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  • Lacan and the Subject
  • Darian Leader (bio)

Lacan, psychoanalysis, phenomenology, Sass, subjectivity

This important essay helps us to situate Lacan within the context of phenomenological thought, and to outline both convergences and divergences with his contemporaries in relation to the phenomenological tradition. The key question which Sass focuses on is of interest here not only to the history of ideas, but also to the clinical practice of psychoanalysis. In the very disparate field casually referred to with the misnomer ‘post-structuralism,’ are the cries of ‘the death of the subject’ to be taken seriously? Is there really a rejection of subjecthood and subjectivity or rather a reformulation and reframing of these notions?

Via a discussion of Lacan’s three registers of real, symbolic, and imaginary, Sass focuses on the dimension of ‘experiential life,’ not in the sense of what he describes as ‘a realm of absolute clarity and certitude,’ but as subjective life with all its ‘limits, constraints and realms of blindness.’ Once subjectivity is construed as neither transparent to itself nor as self-grounding, it can be equated with the very impasses of such realizations, which Sass then links to the Lacanian registers. So, in Sass’s formulation, experience as illusory (the imaginary), as epiphenomenal (the symbolic) or as blind (the real). This is a Kantian procedure, which invites, in turn, a Kantian commentary.

From this perspective, it is difficult to identify the imaginary and the symbolic as modes of experience. Rather, they are grounds of experience, in the sense of categories necessary to account for it, and which, at certain moments, may seem to emerge in purer form than at other moments. Psychosis offers an example of what can happen when these registers become disengaged, yet, as Lacan emphasized, it is less a question here of evoking simply the real, the symbolic or the imaginary than a quasi-algebraic articulation of them: for example, the symbolic, the real of the symbolic, the imaginary of the real of the symbolic, and so on. The logic here is relational, and the very tempting reification of these registers should probably be resisted, lest one end up as the dinner guest who insists that reality is divided into three orders.

Diacritical definition often works against reification, and we could make a few remarks here about Lacan’s registers. The symbolic cannot really be opposed to a more ‘authentic’ or ‘immediate’ level of experience which it cuts us off from. Certainly, it can help to create the actual idea of such a level, which emerges only after an incorporation of symbolic structure, a process which Lacan models using stoic physics. As for the real, it can be an ‘unknowable and unattainable beyond,’ but this is also an effect of the symbolic. The real is generally not beyond enough, submerging us with an invasive proximity which we may do our best to extract from the body or distance in whatever ways are possible for us. [End Page 367]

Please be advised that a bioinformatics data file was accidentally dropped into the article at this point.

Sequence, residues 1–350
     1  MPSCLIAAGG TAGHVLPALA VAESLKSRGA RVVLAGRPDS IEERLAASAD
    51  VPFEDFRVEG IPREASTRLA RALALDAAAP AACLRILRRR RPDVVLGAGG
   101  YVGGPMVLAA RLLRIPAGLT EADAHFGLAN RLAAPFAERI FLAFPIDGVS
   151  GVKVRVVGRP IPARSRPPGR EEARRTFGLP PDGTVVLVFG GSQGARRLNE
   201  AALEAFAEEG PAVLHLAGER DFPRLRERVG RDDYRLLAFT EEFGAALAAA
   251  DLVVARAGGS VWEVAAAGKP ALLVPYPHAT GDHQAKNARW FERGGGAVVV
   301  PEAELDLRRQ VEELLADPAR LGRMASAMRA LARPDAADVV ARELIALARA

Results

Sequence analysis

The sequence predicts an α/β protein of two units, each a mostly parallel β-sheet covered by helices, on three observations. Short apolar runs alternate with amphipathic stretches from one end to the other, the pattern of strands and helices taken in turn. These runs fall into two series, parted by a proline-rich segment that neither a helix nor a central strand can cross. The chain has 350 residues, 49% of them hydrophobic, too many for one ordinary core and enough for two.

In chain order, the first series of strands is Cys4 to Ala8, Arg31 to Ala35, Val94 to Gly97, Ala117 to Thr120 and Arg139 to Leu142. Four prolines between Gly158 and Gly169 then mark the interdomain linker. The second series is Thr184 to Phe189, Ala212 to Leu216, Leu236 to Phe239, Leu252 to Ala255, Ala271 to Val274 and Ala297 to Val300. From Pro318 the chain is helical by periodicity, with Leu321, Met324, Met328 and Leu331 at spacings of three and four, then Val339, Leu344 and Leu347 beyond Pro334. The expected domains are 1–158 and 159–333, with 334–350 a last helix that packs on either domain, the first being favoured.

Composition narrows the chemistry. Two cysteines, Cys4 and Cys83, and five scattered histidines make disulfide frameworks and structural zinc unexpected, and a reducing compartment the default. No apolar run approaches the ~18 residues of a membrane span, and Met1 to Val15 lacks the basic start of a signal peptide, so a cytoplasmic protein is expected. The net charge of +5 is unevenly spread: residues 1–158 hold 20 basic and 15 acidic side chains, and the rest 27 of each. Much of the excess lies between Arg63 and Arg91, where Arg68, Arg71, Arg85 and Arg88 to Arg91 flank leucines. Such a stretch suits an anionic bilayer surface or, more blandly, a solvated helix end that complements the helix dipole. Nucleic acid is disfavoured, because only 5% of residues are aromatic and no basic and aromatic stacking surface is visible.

To follow Lacan’s conceptualization, examples could range from the point of horror in a nightmare that wakes us up to Newton’s laws of gravitation. The first fractures imaginary and symbolic processing, the second incarnates both an impossibility to imaginarize (the mathematical formalization shedding empirical garb, like Galileo’s frictionless planes or Kepler’s perfect ellipses) and, arguably, an emptying out of signifying content (although not to Newton himself). The real here cannot be understood as an ‘overall way in which one can (and does) experience the world and oneself’ because it is, in contrast, a condition of both the possibility and impossibility of experience. The same could be said for the imaginary and the symbolic registers. In that sense, they are not modes of being but ways of indexing failures or impasses of being.

These failures were theorized by Lacan in different ways at different moments in his work: the psychical, neurological and motor prematurity of the infant in relation to the mirror image, the want-to-be established by the structure of the signifier, and the repetitions engendered by a failed encounter with the real, for example. That there is something distinctly human here, as Sass argues, is undeniable, but...


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pp. 367-368
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